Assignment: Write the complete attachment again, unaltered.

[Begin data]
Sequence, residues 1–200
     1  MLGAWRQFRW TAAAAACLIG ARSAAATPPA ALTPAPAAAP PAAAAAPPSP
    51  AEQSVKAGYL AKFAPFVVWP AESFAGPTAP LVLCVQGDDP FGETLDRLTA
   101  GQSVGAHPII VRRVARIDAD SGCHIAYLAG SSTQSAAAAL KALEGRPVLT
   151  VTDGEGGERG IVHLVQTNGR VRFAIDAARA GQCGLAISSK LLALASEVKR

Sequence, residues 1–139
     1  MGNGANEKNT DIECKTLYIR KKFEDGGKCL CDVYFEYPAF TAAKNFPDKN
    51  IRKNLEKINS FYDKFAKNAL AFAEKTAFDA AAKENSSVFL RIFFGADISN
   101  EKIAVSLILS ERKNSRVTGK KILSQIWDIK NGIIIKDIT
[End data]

Sequence, residues 1–200
     1  MLGAWRQFRW TAAAAACLIG ARSAAATPPA ALTPAPAAAP PAAAAAPPSP
    51  AEQSVKAGYL AKFAPFVVWP AESFAGPTAP LVLCVQGDDP FGETLDRLTA
   101  GQSVGAHPII VRRVARIDAD SGCHIAYLAG SSTQSAAAAL KALEGRPVLT
   151  VTDGEGGERG IVHLVQTNGR VRFAIDAARA GQCGLAISSK LLALASEVKR

Sequence, residues 1–139
     1  MGNGANEKNT DIECKTLYIR KKFEDGGKCL CDVYFEYPAF TAAKNFPDKN
    51  IRKNLEKINS FYDKFAKNAL AFAEKTAFDA AAKENSSVFL RIFFGADISN
   101  EKIAVSLILS ERKNSRVTGK KILSQIWDIK NGIIIKDIT